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Non-interest banks to start paying premiums soon, says NDIC

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Non-interest Deposit Money Banks will soon start making premium contributions to the Nigeria Deposit Insurance Corporation (NDIC), the Managing Director, Alhaji Umaru Ibrahim, has said.

Ibrahim, who spoke yesterday at the sensitisation seminar for NDIC solicitors in Abuja. said these bank’s deposit insurance coverage is different from other conventional banks since it is governed by non-interest banking philosophy and regulations.

He said: “We will soon request them (non-interest deposit money institutions) to start making their contributions. In a couple of weeks, Jaiz bank will soon start paying premium or contributions having clocked one year, and also, Stanbic-IBTC Bank’s non-interest window will also attract coverage.”

What the NDIC will do is that the monies collected by way of premium will be separated from monies or premiums collected on interest bearing deposits, he said, adding that such collection will be invested in non-interest bearing instruments that the Debt Management Office and the Central Bank of Nigeria are trying to float.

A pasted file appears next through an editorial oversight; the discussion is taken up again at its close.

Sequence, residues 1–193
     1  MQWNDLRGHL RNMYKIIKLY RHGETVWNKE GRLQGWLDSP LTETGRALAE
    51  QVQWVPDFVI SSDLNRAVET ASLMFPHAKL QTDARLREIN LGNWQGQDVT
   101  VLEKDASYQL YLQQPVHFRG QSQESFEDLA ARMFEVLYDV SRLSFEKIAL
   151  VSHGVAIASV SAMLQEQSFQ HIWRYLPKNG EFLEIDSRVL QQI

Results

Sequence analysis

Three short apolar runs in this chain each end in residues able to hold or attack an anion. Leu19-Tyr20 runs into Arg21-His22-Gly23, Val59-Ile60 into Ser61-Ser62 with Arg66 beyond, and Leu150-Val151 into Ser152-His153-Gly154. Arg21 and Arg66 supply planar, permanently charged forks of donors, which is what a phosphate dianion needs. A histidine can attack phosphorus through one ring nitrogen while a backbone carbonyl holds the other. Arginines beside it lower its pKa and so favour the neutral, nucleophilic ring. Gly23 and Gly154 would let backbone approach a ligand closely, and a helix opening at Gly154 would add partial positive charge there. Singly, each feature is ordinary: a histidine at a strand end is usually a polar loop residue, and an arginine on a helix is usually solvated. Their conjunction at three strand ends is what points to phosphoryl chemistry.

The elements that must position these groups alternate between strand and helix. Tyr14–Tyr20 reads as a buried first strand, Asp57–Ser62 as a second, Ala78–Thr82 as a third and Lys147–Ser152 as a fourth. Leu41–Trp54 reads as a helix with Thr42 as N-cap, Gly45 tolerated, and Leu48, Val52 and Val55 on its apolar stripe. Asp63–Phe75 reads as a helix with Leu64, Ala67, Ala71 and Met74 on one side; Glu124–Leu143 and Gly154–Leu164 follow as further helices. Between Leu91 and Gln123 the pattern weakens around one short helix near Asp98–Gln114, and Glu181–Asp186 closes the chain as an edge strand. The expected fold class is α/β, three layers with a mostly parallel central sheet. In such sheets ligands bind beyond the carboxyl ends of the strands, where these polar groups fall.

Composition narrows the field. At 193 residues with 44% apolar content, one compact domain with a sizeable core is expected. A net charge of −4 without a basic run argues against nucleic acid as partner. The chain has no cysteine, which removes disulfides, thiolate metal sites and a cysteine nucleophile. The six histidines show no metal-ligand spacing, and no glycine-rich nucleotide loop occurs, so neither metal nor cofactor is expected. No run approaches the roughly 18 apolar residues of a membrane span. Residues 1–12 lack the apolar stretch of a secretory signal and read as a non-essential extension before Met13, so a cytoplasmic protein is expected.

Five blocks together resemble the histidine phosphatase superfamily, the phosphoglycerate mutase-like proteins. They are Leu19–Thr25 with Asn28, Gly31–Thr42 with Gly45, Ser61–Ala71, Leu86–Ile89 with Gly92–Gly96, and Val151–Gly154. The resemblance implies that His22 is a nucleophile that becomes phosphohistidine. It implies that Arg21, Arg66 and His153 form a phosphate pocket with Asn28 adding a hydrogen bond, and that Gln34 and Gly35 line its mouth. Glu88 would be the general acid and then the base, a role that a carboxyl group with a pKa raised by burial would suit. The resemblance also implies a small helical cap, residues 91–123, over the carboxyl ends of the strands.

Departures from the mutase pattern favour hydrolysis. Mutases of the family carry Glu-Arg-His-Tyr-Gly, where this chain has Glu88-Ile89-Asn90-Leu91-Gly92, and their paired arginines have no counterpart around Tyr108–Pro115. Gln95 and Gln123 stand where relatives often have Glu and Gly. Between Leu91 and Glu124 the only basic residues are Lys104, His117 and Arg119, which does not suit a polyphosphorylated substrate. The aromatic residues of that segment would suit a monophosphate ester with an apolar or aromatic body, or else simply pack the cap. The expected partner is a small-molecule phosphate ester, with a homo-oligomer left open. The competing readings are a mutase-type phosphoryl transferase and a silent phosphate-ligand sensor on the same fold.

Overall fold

He explained that should “such a bank go under and we come to reimburse depositors, monies that would be paid will also be compliant with the regulations of non-interest banking.”

On how much depositors of non-interest organisations would be entitled to in the event of such institutions failing, the NDIC boss said, “it will be within the normal threshold for conventional banks and financial institutions.

“If it is a normal interest bearing institution, we pay you N500,000 upfront if the bank fails, and then subsequent payments would be made as we recover debts, and if it is a microfinance bank or a primary mortgage institution, we pay N200,000 upfront. So it is the same threshold for non-interest deposits.”

The NDIC boss lamented that the corporation was having difficulties recovering debts owed to failed banks due to the corporation’s “inability to trace the debtors, lack of collateral and other related challenges.”

He identified other challenges the corporation is facing to include; “the problems of excessive litigations which makes it difficult for the corporation to wind up failed banks and settle depositors and other creditors within reasonable time; execution of court judgements against the assets of the corporation as the liquidator of failed banks based on the misunderstanding of the role of NDIC, and the lack of proper understanding of the distinction in the legal status of NDIC as liquidator/deposit insurer by legal practitioners, the court and the public,” he said.


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